Having studied the materials of the criminal case, we conclude that the prosecution of Ponomarev for fraud is clearly politically motivated. Ponomarev’s lawful actions to protect his rights were absurdly and arbitrarily assessed by the authorities as fraudulent. Ponomarev has been the victim of a demonstrative punishment for attempting to obtain his property and money owed from a state-owned company. Ponomarev’s trial was a signal to all other businessmen who took part in supplying energy to Crimea that they should not even think of going to court to get their money back, or the worst consequences would follow.
Since the charge of fraud was very weak and far-fetched, charges of failing to pay taxes and knowingly making a false accusation were added. All the legal proceedings were conducted in violation of the right to fair trial. The fraud case was completely fabricated. The prosecution for tax evasion was conducted with gross violations of the law. Ponomarev was given a disproportionately harsh sentence once convicted on the charge of knowingly organizing a false allegation.
We do not approve of the organization of knowingly false allegations or failure to pay taxes (although it appears that Poromarev did not legally pay taxes). However, in the present case the real reasons for the criminal prosecution, which was conducted with gross violations of the law, was the political nature of the task of supplying energy to occupied and annexed Crimea. The state has unlawfully acted to ensure this energy supply, in violation of the constitutional principle of the protection of property rights, at the expense of private business.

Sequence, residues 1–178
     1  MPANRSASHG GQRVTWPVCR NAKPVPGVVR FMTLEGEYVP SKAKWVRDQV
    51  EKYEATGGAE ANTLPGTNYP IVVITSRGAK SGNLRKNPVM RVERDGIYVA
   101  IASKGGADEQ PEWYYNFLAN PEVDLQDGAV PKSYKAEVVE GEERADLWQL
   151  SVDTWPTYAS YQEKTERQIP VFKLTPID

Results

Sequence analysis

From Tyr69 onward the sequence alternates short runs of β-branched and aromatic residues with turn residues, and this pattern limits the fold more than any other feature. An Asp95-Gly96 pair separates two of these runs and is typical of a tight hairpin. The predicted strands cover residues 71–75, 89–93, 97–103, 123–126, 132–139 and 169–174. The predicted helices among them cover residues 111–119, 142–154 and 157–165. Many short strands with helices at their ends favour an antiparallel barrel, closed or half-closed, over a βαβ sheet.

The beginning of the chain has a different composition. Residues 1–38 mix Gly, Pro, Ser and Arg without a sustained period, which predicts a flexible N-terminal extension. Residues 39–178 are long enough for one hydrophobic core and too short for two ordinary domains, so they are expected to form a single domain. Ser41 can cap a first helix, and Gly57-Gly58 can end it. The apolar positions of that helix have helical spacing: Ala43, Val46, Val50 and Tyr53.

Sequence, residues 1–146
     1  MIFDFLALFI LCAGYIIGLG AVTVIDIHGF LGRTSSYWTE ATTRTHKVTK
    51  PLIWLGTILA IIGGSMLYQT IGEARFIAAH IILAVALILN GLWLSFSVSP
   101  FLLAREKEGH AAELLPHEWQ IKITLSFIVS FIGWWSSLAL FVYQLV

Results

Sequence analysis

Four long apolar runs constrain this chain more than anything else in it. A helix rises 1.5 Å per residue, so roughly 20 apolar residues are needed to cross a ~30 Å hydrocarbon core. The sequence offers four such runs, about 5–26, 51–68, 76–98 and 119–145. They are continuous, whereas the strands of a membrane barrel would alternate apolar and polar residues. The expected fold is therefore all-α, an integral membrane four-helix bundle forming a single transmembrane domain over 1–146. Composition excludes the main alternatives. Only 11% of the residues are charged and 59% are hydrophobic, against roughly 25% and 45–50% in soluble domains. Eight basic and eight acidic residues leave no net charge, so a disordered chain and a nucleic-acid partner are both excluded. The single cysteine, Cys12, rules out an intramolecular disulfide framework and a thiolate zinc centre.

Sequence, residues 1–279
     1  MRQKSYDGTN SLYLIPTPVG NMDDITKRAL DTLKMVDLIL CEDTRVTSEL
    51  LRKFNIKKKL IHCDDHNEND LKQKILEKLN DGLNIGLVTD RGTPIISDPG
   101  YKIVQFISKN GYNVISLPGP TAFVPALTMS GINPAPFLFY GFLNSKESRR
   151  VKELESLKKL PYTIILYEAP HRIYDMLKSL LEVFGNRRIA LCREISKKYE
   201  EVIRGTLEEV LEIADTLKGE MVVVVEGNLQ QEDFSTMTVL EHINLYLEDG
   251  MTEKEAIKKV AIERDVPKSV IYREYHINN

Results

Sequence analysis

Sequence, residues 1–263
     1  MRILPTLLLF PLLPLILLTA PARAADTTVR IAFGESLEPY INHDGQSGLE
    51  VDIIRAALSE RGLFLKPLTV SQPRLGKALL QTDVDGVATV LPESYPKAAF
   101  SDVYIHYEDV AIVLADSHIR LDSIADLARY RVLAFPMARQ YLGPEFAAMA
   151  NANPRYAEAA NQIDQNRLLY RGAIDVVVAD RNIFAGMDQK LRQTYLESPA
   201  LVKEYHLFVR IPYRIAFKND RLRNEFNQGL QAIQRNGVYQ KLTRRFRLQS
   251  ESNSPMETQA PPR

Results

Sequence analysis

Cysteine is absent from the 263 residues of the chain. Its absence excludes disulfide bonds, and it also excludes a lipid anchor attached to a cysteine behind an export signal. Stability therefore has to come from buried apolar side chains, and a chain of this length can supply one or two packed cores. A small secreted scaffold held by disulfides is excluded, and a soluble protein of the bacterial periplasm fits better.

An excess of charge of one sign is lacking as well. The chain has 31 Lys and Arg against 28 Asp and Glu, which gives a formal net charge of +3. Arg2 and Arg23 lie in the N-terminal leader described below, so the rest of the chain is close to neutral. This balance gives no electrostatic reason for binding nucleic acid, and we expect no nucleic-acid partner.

As for Ponomarev’s inclusion in the Magnitsky List, as Ponomarev himself plausibly states, his testimony, given in the autumn of 2009, could not have provided the basis for Sergei Magnitsky being remanded in custody in 2008 and could not have played any significant role in his prosecution since it concerned events that took place long before those that formed the basis for the charges against Magnitsky.
In any case, the circumstances surrounding Ponomarev’s inclusion in the Magnitsky List are unrelated to allegations of the use of violence and cannot affect our assessment of his imprisonment.
More information about this case is available on the website of Memorial Human Rights Centre.
Recognition of an individual as a political prisoner or as a victim of politically motivated prosecution does not imply Memorial Human Rights Centre agrees with, or approves of, their views, statements, or actions.